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Botswana to launch first telecoms satellite in 2023

Botswana’s project to launch its first satellite (BOT SAT-1), in collaboration with the Cape Peninsula University of Technology (CPUT), has been completed.

This is according to the country’s President Mokgweetsi Masisi who, in a recent State of the Nation (SONA) address, said the major component of the satellite - the ground communication station, is ready for commissioning.

“This ground station will immediately communicate with other orbiting satellites before the launch of our own satellite in 2023,” said Masisi. “Some of the key benefits from this project are water resource management, industrial development, environmental management, land management, food security and sustainable agriculture, among others.”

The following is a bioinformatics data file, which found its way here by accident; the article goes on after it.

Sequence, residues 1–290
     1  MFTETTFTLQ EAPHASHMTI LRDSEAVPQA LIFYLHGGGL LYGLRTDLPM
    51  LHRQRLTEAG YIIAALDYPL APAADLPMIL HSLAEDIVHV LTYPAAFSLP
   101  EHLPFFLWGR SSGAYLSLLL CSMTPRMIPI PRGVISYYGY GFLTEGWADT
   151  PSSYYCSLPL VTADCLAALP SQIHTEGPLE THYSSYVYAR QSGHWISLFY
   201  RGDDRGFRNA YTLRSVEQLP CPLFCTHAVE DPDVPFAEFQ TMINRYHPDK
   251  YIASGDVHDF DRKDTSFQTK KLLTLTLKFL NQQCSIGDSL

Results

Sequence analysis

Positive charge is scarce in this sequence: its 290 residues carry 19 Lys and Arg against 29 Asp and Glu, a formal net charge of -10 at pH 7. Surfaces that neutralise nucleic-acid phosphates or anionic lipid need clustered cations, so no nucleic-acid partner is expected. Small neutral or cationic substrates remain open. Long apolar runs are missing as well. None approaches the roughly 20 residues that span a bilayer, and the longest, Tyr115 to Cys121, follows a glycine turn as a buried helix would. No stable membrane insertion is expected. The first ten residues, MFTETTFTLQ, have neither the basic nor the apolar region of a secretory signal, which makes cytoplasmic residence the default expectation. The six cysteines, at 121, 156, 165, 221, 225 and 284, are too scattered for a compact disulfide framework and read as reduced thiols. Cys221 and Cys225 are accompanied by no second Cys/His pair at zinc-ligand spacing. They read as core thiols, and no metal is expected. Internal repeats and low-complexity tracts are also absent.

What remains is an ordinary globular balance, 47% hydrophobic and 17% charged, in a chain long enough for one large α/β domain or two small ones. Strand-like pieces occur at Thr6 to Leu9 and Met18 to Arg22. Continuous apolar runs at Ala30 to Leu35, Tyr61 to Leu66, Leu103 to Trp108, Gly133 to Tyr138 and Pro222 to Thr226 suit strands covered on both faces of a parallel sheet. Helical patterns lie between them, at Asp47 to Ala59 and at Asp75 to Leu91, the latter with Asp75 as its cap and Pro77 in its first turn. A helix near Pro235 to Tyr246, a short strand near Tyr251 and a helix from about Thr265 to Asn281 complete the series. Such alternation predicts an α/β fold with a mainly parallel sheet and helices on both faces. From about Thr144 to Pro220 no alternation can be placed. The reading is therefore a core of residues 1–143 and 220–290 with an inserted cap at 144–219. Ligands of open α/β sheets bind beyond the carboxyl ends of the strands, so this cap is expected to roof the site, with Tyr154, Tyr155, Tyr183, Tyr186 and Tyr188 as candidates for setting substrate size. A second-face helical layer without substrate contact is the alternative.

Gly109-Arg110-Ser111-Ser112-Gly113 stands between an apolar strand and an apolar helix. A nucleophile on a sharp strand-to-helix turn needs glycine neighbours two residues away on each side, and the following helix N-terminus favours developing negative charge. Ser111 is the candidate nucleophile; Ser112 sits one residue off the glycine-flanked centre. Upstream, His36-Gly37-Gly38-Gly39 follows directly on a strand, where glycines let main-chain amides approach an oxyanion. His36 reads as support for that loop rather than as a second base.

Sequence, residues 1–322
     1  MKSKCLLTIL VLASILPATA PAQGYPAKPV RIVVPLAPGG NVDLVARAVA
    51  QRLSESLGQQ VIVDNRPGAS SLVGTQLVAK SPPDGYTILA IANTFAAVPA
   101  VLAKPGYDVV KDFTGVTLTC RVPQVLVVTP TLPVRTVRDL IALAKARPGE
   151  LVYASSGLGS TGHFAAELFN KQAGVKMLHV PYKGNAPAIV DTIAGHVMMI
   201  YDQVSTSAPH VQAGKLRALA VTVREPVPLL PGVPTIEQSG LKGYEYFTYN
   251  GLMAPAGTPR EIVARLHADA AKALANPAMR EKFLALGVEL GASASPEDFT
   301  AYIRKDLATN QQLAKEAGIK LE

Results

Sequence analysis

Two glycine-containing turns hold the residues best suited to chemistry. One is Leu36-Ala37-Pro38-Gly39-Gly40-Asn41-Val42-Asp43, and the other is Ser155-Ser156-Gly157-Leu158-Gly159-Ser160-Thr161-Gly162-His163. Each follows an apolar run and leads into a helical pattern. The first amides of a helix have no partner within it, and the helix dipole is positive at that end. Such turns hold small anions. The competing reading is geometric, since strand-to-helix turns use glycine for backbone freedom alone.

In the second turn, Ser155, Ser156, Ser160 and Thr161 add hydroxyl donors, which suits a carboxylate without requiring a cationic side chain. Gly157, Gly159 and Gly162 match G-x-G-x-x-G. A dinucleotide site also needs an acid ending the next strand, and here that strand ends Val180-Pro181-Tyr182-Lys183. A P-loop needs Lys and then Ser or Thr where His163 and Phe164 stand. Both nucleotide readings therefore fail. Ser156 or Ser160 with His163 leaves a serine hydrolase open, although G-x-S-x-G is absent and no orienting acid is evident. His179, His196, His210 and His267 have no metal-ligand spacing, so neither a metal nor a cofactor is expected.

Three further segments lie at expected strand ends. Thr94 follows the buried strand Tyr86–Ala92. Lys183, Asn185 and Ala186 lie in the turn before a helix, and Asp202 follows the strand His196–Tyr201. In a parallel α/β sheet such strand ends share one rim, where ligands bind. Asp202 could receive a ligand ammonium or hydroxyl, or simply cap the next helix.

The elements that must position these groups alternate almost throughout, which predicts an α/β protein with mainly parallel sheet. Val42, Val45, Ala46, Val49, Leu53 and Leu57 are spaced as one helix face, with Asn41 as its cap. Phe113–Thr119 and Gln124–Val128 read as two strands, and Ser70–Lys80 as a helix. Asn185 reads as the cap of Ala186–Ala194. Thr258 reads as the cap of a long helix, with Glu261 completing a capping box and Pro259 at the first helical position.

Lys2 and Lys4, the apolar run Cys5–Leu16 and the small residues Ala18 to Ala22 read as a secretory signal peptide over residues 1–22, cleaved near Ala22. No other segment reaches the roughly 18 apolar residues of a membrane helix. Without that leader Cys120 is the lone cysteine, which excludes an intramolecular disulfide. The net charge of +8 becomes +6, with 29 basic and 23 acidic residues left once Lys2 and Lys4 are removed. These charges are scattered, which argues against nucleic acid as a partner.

The government said BOT SAT-1 will give Botswana access to the global satellite ecosystem and enable research and development across a variety of disciplines.

“This is a huge milestone towards a knowledge-based economy,” said Masisi.

In 2016 the UK-financed Newton Fund Project nominated the Botswana International University of Science and Technology (BIUST) to host the project’s radio-astronomy training facility.

In 2015 Botswana joined the Project, alongside Kenya, Namibia and Zambia, in order to train researchers in radio astronomy, ahead of the Square Kilometre Array (SKA) initiative.

Developing science and engineering capacity in radio astronomy forms part of a global effort to ensure optimum use of new observatories deployed through the African Very Long Baseline Interferometry Network (AVN) project.

AVN is an array of radio telescopes throughout Africa and serves as an extension of the existing global Very Long Baseline Interferometry Network (VLBI) established to modify existing but redundant satellite telecommunication dishes.

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